This is a intelligent biopic about the controversial French singer / songwriter, Serge Gainsbourg . Gainsbourg enjoyed celebrity and notoriety as a womanizer with a string of famous lovers, including Brigitte Bardot (Laetitia Casta) and Jane Birkin (Lucy Gordon). Some touching and nostalgic moments in the telling of this fanciful portrait of France's most unlikely sex symbol. The movie runs from the gambit from the time the precocious Lucien Ginsburg grew up in Nazi occupied Paris; to when he finds success as a composer, ladies' man and recording star. Strong cast and an excellent score. Sfar is a cartoonist and makes good use of animation throughout. An imaginatively directed movie with a strong script, this is well worth seeing .Superb cast and excellent soundtrack.




La Danse The Paris Opera Ballet

Director: Frederick Wiseman

Legendary documentary maker, Frederick Wiseman is at it again with an intriguing documentary that follows the members of the Paris Opera Ballet as they rehearse for a series of ballets. Behind the scenes the dancers work on their movements over and over as the choreographers make their charges ready for performance. Watch as the dancers train and train until finally they come together into a single, fluid performance. Exquisite but with no interviews, narration, or explanatory captions, the documentary lacks context. Subsequently after the nearly three hour movie it is difficult to tell who is more exhausted, you or the performers. A must for the obsessed but take a cushion.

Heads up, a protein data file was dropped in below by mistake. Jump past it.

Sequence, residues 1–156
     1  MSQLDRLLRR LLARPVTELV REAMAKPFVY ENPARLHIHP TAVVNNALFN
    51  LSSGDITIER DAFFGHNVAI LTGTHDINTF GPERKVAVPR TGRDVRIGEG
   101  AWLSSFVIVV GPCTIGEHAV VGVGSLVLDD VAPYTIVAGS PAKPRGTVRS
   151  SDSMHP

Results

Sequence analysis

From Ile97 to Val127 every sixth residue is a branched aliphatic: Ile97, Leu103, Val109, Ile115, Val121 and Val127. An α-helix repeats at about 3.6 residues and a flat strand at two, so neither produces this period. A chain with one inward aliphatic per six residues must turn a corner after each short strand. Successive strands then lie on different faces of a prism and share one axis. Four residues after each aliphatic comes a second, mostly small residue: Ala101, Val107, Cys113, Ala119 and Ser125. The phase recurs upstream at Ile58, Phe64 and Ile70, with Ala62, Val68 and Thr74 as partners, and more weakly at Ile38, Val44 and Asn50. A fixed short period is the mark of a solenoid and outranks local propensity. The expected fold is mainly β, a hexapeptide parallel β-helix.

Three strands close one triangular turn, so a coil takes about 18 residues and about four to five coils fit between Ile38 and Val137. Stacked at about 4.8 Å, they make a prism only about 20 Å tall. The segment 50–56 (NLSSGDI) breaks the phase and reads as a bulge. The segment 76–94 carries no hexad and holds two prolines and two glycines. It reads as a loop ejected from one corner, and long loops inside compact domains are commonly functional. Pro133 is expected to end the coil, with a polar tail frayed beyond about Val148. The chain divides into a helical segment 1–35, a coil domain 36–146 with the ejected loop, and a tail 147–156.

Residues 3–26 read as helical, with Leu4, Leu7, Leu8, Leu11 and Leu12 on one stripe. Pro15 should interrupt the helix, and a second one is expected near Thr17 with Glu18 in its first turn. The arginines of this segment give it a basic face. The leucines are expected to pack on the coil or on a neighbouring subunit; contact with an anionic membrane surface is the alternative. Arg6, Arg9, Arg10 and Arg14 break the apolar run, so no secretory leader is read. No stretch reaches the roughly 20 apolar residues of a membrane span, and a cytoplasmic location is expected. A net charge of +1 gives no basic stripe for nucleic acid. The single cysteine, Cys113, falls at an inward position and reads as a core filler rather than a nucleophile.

Tuesday, October 5, 2010

Let me in

Let me in
Director: Matt Reeves
Starring: Kodi Smit-McPhee, Chloë Grace Moretz , Cara Buono

This is a remake of the Swedish classic Let the Right One In, directed by Tomas Alfredson. Many consider this to be one of the most atmospheric, creepy, intelligent horror films in recent memory. Matt Reeves (Cloverfield) version is not a bad movie it is just not as good as the original. The story is based on John Ajvide Lindqvist’s vampire novel but unlike the book the movie is set in New Mexico in 1983. Oewn (Kodi Smit-McPhee) is an awkward 12 year old who lives with his alcoholic mother (Cara Buono ). Separated from his father they live in a depressing apartment complex. Bullied at school the young boy passes his time with his Rubik’s Cube. Then new neighbours arrive and he meets and eventually befriends young Abby (Chloë Grace Moretz) who like himself, likes to be to be left alone. Strange things start to happen in the neighborhood none of which seems to bother Oewn who is now infatuated. Unbeknown to all Abby is a vampire hiding in a little girl’s body and her “father” is a servant who plays the role of serial killer to procure blood for her continued existence. As the kids grow closer Abby begins to exert more control over her innocent and naïveté friend. Better than Twilight but otherwise so, so. Not so creepy as the original but otherwise good performances all round.

Sunday, October 3, 2010

The Loved Ones

Director & writer: Sean Byrne
Starring: Xavier Samuel, Robin McLeavy, John Brumpton, Richard Wilson, Victoria Thaine, Jessica McNamee.

The Loved Ones is a scary movie from down under and tells the story of teenager Brent Mitchell (Xavier Samuels)who is in a car accident which kills his father. Devoured by guilt he turns drugs and self harm. His widowed mother Carla (Suzi Dougherty) and girlfriend Holly (Victoria Thaine) are unable to help him as he slips further into depression. When Brent declines to do a dance macabre with High School vamp Lola Stone (Robin McLeavy) she and her bazaar father plan revenge on the tormented teenager. Plenty for the squeamish to squirm over but not really my cup of tea. Movie score includes Little River Band's Lonesome Loser.